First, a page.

If you have found the searched frequency the trap can be calculated. At first, fix the size of the trap keeping in mind that the bigger it is the bigger is the effect. The same is true for the number of the vents used. But by executing the following calculations you will quickly recognise that cabinets too small or too big lead to impossible lengths of the vents. So a reasonable compromise has to be looked for. As is valid for the construction of a bass-reflex loudspeaker you can’t tune small cabinets to deep frequencies and big cabinets to high frequencies.

Take the following equation for your calculations:

Lv = ( 94170 n / f 2 V ) * r 2 - 1,463 √n r

l: Length of the vent(s)
n: number of vents
r: radius of the vents
V: capacity of the cabinet
f : resonance frequence of the room

Please take care of using the radius and not the diameter of the vents and that the square root only concerns to the number of vents.
The trap should be filled with damping material from 1/3 to ½. The damping material virtually increases the capacity of the cabinet and the vents decrease it. These two reversed effects often cancel and you can take the above equation with good conscience.

The geometry and shape of the cabinet are of no interest. Recommendable are nearly cube-shaped cabinets.

As vents you can use simple plastic tubes or bass-reflex vents for loudspeakers. It is also possible to fill in the damping material through the vent holes.

The placement of your trap in your room is really decisive for the effectiveness of the trap. Normally a place at the wall or in a corner is best but you have to determine the best place by moving and hearing. As listening test you just take one CD with a boomy bass which excites the room strongly.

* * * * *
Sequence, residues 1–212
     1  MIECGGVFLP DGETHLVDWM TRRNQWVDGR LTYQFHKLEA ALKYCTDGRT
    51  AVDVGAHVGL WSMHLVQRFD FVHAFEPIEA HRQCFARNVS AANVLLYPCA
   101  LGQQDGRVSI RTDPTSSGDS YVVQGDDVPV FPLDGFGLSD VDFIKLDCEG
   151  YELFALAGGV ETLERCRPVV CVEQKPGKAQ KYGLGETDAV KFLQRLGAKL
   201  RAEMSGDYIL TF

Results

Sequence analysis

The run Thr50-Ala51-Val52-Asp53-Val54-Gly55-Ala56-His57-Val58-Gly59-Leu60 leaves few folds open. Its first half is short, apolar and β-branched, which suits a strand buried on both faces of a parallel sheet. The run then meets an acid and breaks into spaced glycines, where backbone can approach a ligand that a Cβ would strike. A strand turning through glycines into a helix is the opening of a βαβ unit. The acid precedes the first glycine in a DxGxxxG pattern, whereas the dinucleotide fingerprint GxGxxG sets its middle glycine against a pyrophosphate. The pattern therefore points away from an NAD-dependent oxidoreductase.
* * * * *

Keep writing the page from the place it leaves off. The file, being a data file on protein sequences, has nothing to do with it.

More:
The best result is often achieved by placing the trap between your sofa and the wall. But remember to keep the vents free. You can also take cupboards or tables with a big foot as a trap cabinet. Or just build a trap in the right shape and use it as an additional table.

2.4.2 Reflectors and Diffusors

Many badly damped rooms exhibit long-lasting echoes which are thrown back and forth from two opposite walls. This is a very unpleasant acoustical phenomenon as it strongly decreases speech and music intelligibility. This lack of diffusivity can be omitted by „breaking“ the corners of your room with obstacles like furniture, plants, lamps or any fractal objects. It is also possible to build some corner reflectors if possible with a rounded surface and fix them in the corners. Reflectors at the side-walls should also be used if the room is too highly damped. The ear needs some information from left and right for a better speech intelligibility and localization of the acoustical sources. This lateral sound also increases the channel separation and transparency. So don’t try to damp only the side walls. The ceiling and the floor are the disturbing surfaces for music reproduction because reflections coming from up or down do not carry any stereo information and smear the impulse response. These reflections are no good. Therefore before damping the side walls try to damp ceiling and floor.

Diffusors behind the speakers bring energy to the room and increase transparency in a natural way. So do not absorb all the sound reflected by the walls behind the loudspeakers but try to reflect it diffusely!

2.4.3 Broad band absorbers

In contrast to the low-frequency region where we always try to absorb a small frequency band of some 5 Hertz bandwidth the mid range band has to be absorbed as even as possible to get a constant reverberation time of about 0.45 to 0.7 seconds for the entire range of 250 to 4000 Hertz. For this purpose many intelligent constructions exist all of which are a real problem to integrate in a cosy living-room. But this causes no real problem because normal furniture and all the things mentioned in the beginning of this section do that job as well. Just try to integrate obstacles and porous materials into your listening room and try to get an even sound field.

3. General Specifications

3.1 General